Abstract [en]

    When simulating mechanical systems the flexibility of the components often has to be taken into account. This is particularly important for simulations when high detailed information is demanded, e.g. to calculate stresses. To this end the Finite Element Method (FEM) is often used. However the models can become very large, containing millions of degrees of freedom. Solving large linear systems are computationally demanding. Therefore ways of reducing the problem is often sought. These reduction does, however, remove much of the details that was to be investigated. In this thesis this problem is addressed by creating a reduction scheme, using Proper Orthogonal Decomposition (POD), that significantly reduces a problem but still captures much of the details. A novel method for enriching regular POD-based model reduction methods with hierarchically determined enrichment POD-modes is developed. The method is proposed and validated in a FEM application towards dynamical simulation. The enriched method is compared against a regular POD reduction technique. An numerical study is made of a model example of linear elasticity in a gearwheel. The numerical study suggests that the error of displacements is around ten times smaller, on average, when using the enriched basis compared to a reference basis of equal dimensionality consisting of only regular POD modes. Also it is shown that local quantities as the von Mises stress in a gearwheel tooth is preserved much better using the enriched basis. An a posteriori error estimate is proposed and proved for the static case, showing that the error is bound.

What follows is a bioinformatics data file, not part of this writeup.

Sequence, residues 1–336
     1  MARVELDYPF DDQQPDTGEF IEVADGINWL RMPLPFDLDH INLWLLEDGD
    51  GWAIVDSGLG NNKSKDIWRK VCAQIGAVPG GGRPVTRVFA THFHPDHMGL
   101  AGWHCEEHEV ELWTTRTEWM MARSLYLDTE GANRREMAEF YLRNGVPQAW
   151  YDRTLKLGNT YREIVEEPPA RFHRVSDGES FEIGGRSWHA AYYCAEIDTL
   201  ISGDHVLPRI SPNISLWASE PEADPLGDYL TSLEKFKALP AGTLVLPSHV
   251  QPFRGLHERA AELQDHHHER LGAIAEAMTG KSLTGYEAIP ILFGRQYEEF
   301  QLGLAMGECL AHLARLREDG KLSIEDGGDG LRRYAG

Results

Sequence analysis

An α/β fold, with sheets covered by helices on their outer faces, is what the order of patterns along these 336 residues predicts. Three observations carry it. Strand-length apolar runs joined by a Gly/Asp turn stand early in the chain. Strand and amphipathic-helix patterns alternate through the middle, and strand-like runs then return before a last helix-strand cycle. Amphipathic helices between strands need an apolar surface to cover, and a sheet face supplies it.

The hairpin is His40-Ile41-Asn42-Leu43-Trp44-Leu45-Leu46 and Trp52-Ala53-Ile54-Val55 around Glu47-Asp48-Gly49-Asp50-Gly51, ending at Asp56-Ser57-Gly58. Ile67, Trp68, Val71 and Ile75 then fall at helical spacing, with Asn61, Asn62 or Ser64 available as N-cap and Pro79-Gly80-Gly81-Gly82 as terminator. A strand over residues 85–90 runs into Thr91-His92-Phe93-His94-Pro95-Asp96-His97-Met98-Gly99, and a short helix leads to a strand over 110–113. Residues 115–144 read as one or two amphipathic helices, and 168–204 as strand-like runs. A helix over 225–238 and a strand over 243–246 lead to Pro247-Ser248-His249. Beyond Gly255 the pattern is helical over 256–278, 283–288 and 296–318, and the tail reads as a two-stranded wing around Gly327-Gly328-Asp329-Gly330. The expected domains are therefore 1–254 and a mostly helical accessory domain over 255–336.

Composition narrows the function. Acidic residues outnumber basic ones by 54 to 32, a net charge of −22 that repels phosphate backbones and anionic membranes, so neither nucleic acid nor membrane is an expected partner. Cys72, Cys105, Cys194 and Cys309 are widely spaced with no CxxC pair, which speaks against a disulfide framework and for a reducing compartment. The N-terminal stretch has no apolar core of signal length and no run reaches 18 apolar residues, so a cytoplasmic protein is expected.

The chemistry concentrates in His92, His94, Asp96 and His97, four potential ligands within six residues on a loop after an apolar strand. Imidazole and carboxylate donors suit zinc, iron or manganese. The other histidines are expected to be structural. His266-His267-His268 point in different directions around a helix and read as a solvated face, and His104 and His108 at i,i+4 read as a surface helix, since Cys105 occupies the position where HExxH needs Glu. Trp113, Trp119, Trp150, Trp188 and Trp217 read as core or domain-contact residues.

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  • 45.
    Björklund, Martin
    et al.
    Umeå University, Faculty of Science and Technology, Department of Mathematics and Mathematical Statistics.
    Larsson, Karl
    Umeå University, Faculty of Science and Technology, Department of Mathematics and Mathematical Statistics.
    Larson, Mats G.
    Umeå University, Faculty of Science and Technology, Department of Mathematics and Mathematical Statistics.
    Error estimates for finite element approximations of viscoelastic dynamics: the generalized Maxwell model2024In: Computer Methods in Applied Mechanics and Engineering, ISSN 0045-7825, E-ISSN 1879-2138, Vol. 425, article id 116933Article in journal (Refereed)
    Abstract [en]

    We prove error estimates for a finite element approximation of viscoelastic dynamics based on continuous Galerkin in space and time, both in energy norm and in L2 norm. The proof is based on an error representation formula using a discrete dual problem and a stability estimate involving the kinetic, elastic, and viscoelastic energies. To set up the dual error analysis and to prove the basic stability estimates, it is natural to formulate the problem as a first-order-in-time system involving evolution equations for the viscoelastic stress, the displacements, and the velocities. The equations for the viscoelastic stress can, however, be solved analytically in terms of the deviatoric strain velocity, and therefore, the viscoelastic stress can be eliminated from the system, resulting in a system for displacements and velocities.

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  • 46.
    Björnfot, Fredrik
    Umeå University, Faculty of Science and Technology, Department of Physics.